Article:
Florida Representative a co-sponsor of forward-thinking legislation to benefit coastal fisheries.
Shad and herrings. Menhaden and mullet. These and other plankton-feeders are major contributors to the marine ecology that supports coastal sportfishing. Unfortunately, these small species seldom get the full treatment fishery managers accord snappers, sailfish, striped bass and other high-level predators.
A bill introduced in the U.S. House of Representatives this week would add valuable layers of protection to so-called forage fish. It’s a relatively brief bill with straightforward text, proposing amendments to the Magnuson-Stevens Act, the 40-year-old underpinnings of U.S. marine fisheries management.
The amendments would:
- Define forage fish
- Charge regional councils with using, and commissioning, scientific advice to help manage forage fish. [Regional councils are organized around groups of coastal states with a stake in federal decision-making; Florida, for instance, is part of the South Atlantic Fishery Management and also the Gulf of Mexico Fishery Management Council.]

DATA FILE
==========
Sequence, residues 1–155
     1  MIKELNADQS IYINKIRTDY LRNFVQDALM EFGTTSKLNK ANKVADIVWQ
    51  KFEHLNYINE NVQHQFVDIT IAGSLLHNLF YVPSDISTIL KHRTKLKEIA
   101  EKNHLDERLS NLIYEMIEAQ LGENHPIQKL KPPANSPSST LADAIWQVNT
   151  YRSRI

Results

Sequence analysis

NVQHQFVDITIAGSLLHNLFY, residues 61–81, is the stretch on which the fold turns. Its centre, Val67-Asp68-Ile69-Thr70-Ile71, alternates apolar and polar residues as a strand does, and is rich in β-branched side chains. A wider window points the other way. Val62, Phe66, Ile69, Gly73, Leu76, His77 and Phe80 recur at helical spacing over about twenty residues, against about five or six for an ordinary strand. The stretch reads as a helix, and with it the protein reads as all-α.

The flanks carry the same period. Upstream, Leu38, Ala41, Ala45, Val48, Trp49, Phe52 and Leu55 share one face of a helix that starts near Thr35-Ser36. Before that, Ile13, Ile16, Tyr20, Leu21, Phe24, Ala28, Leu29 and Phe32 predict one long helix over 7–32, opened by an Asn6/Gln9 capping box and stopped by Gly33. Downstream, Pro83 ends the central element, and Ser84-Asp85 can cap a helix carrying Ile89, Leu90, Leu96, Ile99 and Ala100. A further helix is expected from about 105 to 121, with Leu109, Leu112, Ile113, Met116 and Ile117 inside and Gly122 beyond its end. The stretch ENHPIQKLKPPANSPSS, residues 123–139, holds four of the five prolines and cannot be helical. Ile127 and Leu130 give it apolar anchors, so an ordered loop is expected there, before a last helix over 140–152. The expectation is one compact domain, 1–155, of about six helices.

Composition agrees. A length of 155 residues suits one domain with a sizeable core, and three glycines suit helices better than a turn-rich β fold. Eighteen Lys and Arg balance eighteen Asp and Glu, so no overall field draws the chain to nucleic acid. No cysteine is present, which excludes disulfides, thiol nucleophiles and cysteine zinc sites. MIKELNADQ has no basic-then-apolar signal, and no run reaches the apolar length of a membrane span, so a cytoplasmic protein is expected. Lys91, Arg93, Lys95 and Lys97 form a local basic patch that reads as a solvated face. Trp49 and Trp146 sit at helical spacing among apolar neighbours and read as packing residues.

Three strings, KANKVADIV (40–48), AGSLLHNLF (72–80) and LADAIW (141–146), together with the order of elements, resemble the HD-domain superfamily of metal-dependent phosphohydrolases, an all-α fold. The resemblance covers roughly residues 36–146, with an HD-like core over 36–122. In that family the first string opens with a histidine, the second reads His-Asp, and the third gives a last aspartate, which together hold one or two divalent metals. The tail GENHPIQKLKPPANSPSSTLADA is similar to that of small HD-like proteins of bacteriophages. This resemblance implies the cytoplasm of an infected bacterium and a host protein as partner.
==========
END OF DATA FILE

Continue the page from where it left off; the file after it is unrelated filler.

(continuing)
- Limit new fisheries on forage-level species until authorities can evaluate their status–and their relationships to the dietary needs of higher predators
- Specific text to conserve shad and river herring
The bill was to be introduced during the week of April 8-12 by co-sponsors Brian Mast (R-FL) and Debbie Dingell (D-MI).
Representative Mast, of Florida’s 18th Congressional District, has been in the news quite a bit recently on subjects relating to sealife and the marine environment. This spring, Mast vocalized solutions to Lake Okeechobee management intended to resolve water pollution impacting Florida’s southern Atlantic and Gulf coasts. (There is federal oversight of Lake Okeechobee through the U.S. Army Corps of Engineers.)
“On the Treasure Coast we know firsthand how irresponsible management of our marine ecosystem can have devastating ripple effects on our environment, food supply, fishing industry and overall economy,” Rep. Mast said. “This [Forage Fish Act] is important and bipartisan sustainability legislation that will help protect our coastal health, environment and economy.”
“It’s a positive sign when you have a Congressman such as Brian Mast fighting for both water quality and for the fish, no matter what end of the food chain they swim in,” said Florida Sportsman Publisher Blair Wickstrom.
Florida Sportsman joined several other groups urging support for the Forage Fish Act. Among that number is the American Sportfishing Association, or ASA, which issued the following summary:
“Demand for these nutrient-rich species—which are used to make fertilizer, feed for livestock and farmed fish, and products such as cosmetics—continues to skyrocket worldwide. Yet forage fish are critical to healthy oceans and to fishing, seafood, and tourism businesses, making it important that forage fish management accounts for their role in the ocean.”